Yusuf Jiis: Latest Al-Shabaab leader to fall in Somalia


MOGADISHU, Somalia - When the US military unleashed its 32nd routine airstrike in southern Somalia in April. 2, AFRICOM officials reported the incident as previous ordinary airstrikes, noting that "three militants" were killed during the outgoing.

Incidentally, the airstrike was launched almost simultaneously with an Amnesty International complaint, in which the US was accused of failing to "account" for dozens of civilian casualties orchestrated by the airstrikes.

But four days later, it now emerged that the Bush Madina raid, 55 kilometers east of Dinsor town, an Al-Shabaab controlled area, claimed the life of Yusuf Jiis, a senior Al-Shabaab operative.

In a press release, US Africa Command leader, Gen. Stephen Townsend, even acknowledged that the death of Jiis would make "Somalia and neighboring countries" safer

"This individual was a key leader in the al-Shabab organization," said U.S. Army Gen. Stephen Townsend, commander of U.S. Africa Command. "He was violent, ruthless and responsible for the loss of many innocent lives. His removal makes Somalia and neighboring countries safer."

Intelligence sources in Southwest state told VOA that the militant was one of the most senior Al-Shabaab operatives in the region, noting that he had been under surveillance for a couple of years. They termed his death "important milestone" in the Al-Shabaab war.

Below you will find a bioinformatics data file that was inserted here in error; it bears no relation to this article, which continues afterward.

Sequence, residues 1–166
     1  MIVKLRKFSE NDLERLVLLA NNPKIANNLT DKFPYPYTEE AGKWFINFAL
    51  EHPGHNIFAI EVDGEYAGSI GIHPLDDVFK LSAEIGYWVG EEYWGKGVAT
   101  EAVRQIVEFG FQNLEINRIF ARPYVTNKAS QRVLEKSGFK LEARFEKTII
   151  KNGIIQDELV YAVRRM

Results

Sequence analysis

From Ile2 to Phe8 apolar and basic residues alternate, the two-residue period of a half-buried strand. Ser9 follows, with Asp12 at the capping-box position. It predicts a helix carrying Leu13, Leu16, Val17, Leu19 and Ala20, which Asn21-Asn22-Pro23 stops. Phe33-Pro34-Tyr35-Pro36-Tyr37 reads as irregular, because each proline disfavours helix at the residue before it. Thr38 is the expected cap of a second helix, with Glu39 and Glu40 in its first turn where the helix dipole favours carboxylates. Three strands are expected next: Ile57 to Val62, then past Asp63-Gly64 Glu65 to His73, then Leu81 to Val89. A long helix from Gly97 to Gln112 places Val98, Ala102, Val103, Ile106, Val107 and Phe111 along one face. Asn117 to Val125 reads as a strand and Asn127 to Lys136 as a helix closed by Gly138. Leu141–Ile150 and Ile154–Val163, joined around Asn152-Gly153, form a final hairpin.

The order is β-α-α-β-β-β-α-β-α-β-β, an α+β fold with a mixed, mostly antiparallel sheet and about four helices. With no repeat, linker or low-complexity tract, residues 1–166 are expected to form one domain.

According to intelligence reports, Jiis, whose real name was Yusuf Nur Hassan, was the Al-Shabaab official in charge of dealing with "humanitarian agencies". He's the face behind the 2009 raid on aid agencies, reports added.

Previously, the group targeted aid agencies by blocking Somali civilians in need id the support, a behavior which was rampant in 2011 when over 260,000 succumbed to drought, VOA reported.

Jiis, officials said, had been closely working with the Hisba, a parallel Al-Shabaab police department and is believed to have been added to Al-Shabaab's Consultative Council commonly called Shura.

Some of the names [aliases] attributed to him include Bashar, Yusuf Jeeri, and Moslim Sahal, officials said. He was among the most reliable Al-Shabaab fighter and leader in the southern region, reports indicate.

Also killed in the same airstrike was Yonis Sheikh Dahir, a counterintelligence operative within the same region. The third person was also a member of al-Shabab's Amniyat wing, but his identity has not been confirmed.

A regional intelligence official told VOA he is surprised that these top officials traveled in the same vehicle amid relentless U.S. airstrikes, a complete approach from Al-Shabaab's travel arrangements.

Their deaths come barely two months after a similar airstrike also killed Bashir Qorgab, a senior Al-Shabaab commander, who had fallen out with the team's leader Ahmed Omar Diriye.

Intelligence reports also revealed massive fallout within the group and dwindling financial situation, a move which also put Diriye at loggerheads with Mahad Karate, the Al-Shabaab Financial controller.

Within the last three months, the US airstrikes have left 50 militants dead. This excludes ground combat fatalities, which could be higher. Al-Shabaab has also lost significant strategic towns, officials said.

During his submissions to the House Armed Forces Committee, Townsend termed Al-Shabaab as an "existential threat" to Somalia's integration, adding that "this informs our frequent airstrikes".

The US is critical in giving logistical support such as aerial surveillance and training of SNA troops. Al-Shabaab has been fighting to topple the fragile UN-backed Somalia government since 2008.


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